It was also beneficial for me to find a core group of friends I could always lean on. When entering high school, you are put into a whole new pool of people and it’s important you find those who will benefit your life. I have stuck with the friends I made freshman year but I also made new friends along the way. Having friends who have similar values to you will help find that healthy social/school balance. A value that was important to me in my high school years was taking pride in my schoolwork. This made it so that my friends understood when I needed to stay home and do homework but we could also hang out often.
Around my sophomore year, I found a good balance between my social life and my academics. I found that planning times in advance with friends helped me schedule my schoolwork around my social plans. I also used the app TimeTree which is a shared calendar app with friends to find out when they had work, sports, clubs, etc. Planning is so important in high school, so if you want a healthy life and work balance, planning is your best friend.
When you enter high school, grades are the top topic of conversation. “What did you get on the quiz?” “What’s your grade in world cultures?” I don’t think I have gone a single day of my high school career without talking about my grades. Yes, grades are important and if you choose the path to college they will benefit you in the long run. However, grades should not be the focus of all of your life. Life in high school is different for everyone and for my first two years of high school I did not put much time into my grades. In middle school, it was not stressed how much grades matter even in your freshman year. All I was told was that high school would be harder, and it is. But I could have been so much more prepared for high school.
Like me, Jayson Blaisdell (‘22) would have changed the way his freshman year went. “I didn’t know how important grades were actually going to be for college. I just thought it was graduate [then] goodbye” said Blaisdell. Now that all the seniors are receiving their transcripts of all their years of high school, it can be hard to view your past grades. This is all the more reason to put in the hard work right from the kickstart. Blaisdell also went on to say “ my junior year, I really needed to compensate for what I didn’t do my freshman year.” I can not stress enough how much grades matter in all years of high school. Even if your plan is not to go to college, putting in effort all four years will help you once you graduate.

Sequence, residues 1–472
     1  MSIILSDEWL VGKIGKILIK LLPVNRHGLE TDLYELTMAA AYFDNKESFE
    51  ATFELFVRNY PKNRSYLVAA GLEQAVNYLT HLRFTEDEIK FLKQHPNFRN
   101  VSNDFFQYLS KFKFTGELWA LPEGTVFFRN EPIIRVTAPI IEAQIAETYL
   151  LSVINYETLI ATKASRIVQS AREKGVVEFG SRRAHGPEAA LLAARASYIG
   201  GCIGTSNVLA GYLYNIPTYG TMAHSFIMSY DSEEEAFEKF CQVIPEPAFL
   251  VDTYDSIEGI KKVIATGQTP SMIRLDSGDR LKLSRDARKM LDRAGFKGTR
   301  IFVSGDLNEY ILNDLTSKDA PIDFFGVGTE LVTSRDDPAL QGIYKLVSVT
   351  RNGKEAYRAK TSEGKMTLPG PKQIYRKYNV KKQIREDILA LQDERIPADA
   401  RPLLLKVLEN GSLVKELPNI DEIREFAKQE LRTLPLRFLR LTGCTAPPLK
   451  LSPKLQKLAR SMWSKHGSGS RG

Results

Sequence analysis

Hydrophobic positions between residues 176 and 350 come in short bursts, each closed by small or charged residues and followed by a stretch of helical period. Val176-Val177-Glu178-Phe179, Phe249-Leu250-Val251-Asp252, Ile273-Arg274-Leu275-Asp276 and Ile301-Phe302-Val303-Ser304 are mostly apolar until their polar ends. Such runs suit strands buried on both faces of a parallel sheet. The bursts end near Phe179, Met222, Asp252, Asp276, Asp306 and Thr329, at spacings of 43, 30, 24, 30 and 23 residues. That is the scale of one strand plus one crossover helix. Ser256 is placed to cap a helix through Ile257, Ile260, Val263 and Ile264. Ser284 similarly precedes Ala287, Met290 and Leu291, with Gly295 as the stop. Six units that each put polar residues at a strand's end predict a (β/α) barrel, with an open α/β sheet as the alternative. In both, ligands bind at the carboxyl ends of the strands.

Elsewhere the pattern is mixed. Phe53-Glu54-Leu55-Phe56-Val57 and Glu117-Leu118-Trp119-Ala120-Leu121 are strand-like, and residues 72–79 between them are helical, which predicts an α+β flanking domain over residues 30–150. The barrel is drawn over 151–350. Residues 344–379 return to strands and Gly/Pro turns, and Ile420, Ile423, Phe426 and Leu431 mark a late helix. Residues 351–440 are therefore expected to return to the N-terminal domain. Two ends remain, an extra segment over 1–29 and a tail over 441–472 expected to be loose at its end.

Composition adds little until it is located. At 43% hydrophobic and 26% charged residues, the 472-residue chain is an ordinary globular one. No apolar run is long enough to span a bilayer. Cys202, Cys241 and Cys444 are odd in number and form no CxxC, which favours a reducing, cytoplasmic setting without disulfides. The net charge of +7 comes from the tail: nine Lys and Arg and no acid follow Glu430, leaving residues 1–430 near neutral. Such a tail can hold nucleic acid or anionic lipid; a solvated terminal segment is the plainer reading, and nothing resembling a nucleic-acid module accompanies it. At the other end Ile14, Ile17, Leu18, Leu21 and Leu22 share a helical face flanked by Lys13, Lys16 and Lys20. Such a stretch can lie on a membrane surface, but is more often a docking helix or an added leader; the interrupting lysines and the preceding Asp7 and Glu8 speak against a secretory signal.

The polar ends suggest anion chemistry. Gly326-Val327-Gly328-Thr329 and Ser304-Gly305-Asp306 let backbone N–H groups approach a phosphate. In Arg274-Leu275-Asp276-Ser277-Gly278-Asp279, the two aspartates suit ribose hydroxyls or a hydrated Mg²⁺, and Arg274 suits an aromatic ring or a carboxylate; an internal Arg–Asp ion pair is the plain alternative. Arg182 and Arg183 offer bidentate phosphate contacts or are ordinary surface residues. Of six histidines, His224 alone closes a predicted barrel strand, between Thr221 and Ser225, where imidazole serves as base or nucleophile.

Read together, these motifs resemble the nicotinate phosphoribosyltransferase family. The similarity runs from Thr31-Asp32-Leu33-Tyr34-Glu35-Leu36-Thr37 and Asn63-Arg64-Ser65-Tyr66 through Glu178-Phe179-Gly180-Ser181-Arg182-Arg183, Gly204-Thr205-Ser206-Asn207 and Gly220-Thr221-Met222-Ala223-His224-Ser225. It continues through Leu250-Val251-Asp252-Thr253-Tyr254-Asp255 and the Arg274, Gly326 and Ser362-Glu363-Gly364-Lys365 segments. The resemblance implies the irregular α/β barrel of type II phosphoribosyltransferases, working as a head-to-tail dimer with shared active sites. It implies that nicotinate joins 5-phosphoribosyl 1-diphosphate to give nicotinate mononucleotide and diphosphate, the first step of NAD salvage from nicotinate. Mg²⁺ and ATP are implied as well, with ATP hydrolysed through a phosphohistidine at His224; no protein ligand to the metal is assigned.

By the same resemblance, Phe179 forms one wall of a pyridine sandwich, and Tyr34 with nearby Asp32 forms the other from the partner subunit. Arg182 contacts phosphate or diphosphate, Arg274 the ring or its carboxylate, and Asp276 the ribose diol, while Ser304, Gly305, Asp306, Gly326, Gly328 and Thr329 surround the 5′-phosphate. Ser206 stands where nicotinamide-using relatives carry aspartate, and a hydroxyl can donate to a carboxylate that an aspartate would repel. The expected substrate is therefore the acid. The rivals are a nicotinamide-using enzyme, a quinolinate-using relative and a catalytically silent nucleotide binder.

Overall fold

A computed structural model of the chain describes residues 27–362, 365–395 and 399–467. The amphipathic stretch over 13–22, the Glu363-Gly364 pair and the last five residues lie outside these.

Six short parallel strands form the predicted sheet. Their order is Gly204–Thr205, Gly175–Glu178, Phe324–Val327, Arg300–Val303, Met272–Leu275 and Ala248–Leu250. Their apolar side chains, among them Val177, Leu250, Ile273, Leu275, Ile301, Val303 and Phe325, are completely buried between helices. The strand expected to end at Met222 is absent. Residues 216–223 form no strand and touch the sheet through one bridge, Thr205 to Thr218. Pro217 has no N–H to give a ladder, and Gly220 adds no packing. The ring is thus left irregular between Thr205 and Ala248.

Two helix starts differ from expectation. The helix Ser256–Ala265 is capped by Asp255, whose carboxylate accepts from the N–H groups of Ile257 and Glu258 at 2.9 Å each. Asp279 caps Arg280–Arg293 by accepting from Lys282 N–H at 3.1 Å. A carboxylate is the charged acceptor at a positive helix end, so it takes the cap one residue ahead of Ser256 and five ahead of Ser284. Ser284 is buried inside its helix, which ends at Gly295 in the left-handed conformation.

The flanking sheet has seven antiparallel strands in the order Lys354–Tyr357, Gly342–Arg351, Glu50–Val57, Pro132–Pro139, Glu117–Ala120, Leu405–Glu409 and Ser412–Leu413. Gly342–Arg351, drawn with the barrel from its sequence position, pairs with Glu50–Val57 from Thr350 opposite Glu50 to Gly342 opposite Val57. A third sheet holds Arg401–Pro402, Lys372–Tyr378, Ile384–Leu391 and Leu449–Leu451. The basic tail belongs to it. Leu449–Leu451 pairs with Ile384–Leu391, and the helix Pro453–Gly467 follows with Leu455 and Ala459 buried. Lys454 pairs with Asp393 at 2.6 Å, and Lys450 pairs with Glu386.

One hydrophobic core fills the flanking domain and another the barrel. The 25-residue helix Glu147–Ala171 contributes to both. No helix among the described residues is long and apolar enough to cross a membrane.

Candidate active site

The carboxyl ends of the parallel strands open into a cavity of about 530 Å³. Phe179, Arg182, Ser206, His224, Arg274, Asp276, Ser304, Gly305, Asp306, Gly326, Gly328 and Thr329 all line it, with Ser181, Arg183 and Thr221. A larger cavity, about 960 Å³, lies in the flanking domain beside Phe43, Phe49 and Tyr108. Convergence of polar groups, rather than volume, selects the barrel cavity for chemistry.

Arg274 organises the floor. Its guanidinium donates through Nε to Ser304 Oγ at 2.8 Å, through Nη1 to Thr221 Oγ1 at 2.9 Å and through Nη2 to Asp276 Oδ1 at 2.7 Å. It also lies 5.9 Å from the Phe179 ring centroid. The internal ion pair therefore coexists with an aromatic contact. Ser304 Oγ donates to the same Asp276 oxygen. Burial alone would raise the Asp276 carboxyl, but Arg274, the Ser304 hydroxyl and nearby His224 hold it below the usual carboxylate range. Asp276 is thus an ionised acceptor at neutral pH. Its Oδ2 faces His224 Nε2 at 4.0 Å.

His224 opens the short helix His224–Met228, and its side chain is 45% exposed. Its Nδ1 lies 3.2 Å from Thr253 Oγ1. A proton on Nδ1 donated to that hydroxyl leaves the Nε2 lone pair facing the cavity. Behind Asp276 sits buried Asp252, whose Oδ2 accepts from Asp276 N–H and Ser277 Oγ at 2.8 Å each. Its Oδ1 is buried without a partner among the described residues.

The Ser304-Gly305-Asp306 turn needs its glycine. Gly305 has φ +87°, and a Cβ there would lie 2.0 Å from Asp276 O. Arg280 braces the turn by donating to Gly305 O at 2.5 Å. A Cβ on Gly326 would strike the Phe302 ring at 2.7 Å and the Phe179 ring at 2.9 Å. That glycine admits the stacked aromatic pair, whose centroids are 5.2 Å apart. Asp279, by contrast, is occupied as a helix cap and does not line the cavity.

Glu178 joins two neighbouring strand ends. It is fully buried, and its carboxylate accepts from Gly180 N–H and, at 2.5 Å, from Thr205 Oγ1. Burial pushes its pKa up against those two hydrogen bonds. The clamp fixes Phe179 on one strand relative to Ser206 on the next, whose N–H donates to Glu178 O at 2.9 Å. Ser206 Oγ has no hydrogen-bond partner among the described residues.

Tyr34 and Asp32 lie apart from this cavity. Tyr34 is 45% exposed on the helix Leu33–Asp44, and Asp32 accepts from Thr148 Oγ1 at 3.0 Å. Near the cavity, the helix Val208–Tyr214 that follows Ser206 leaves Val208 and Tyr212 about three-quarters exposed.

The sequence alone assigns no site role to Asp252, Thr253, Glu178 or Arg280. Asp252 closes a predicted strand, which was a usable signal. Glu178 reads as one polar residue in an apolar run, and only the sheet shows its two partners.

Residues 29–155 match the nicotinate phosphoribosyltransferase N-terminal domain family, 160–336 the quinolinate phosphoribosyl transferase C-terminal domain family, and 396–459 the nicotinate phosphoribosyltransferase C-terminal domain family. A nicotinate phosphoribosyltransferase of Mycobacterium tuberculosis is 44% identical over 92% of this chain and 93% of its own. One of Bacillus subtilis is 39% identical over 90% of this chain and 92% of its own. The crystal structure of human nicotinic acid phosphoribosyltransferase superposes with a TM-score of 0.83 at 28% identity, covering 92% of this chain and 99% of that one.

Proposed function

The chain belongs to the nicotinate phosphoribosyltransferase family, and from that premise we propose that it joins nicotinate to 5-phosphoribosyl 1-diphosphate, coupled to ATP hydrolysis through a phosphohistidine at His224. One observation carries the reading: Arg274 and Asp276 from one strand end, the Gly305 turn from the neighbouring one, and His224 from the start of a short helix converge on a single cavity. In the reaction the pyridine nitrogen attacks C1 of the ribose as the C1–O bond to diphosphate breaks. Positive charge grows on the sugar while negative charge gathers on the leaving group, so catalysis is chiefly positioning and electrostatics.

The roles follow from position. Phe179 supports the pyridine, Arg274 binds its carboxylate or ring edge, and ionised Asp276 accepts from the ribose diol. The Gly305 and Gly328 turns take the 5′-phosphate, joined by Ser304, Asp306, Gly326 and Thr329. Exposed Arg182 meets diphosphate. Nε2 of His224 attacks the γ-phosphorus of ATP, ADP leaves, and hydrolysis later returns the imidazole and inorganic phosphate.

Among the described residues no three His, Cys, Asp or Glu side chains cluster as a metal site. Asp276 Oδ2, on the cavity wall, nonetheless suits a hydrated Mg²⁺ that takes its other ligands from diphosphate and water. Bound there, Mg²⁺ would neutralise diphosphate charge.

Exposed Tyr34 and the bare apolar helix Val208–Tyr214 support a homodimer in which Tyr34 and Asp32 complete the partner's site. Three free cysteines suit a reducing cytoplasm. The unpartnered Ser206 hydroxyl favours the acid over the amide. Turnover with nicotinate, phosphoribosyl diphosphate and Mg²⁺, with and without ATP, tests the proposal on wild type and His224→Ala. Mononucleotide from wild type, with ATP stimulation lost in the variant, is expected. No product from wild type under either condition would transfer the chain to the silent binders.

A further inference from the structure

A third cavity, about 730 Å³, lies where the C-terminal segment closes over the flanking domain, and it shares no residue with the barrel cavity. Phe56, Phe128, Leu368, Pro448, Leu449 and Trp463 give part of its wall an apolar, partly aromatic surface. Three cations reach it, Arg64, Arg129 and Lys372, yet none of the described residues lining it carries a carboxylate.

When it comes to clubs and sports, I was lacking during high school. As I stressed before, I let my anxiousness steer me away from joining clubs that stood for things I was passionate about. I think joining at least two clubs per school year will put you in a really nice spot for graduation. Picking out these clubs of choice is very important as well, because if you join the science club and you hate science… well, that would be boring. Joining clubs that do things you enjoy or are passionate about will make the time you spend there so much better.
Clubs are not the only thing you can do to better your experience during high school. I had a job all four years of high school and that gave me a lot of real-world experiences. I think a job allows you to show responsibility and manage your time wisely. Another thing I did during high school was find people in the community who worked in the area I was interested in. I am majoring in education next year so I used our Extended Learning Opportunity (ELO) program in high school to work with a local teacher in her classroom. This program was not something I learned about until my senior year and it would have been amazing to do internships earlier. Mr. Peschel in counseling runs this program so if you are interested email him!
High school is a different experience for everyone and maybe you take a completely different path than I did. In school, you have to know yourself and determine what works for you. This may not be what all of your peers are doing to make it through but that’s ok. The last thing I can stress to anyone coming into high school is to be yourself. Don’t let petty people ruin your happiness. Find your group, join those clubs you want to join, reach out for help, and stay true to yourself.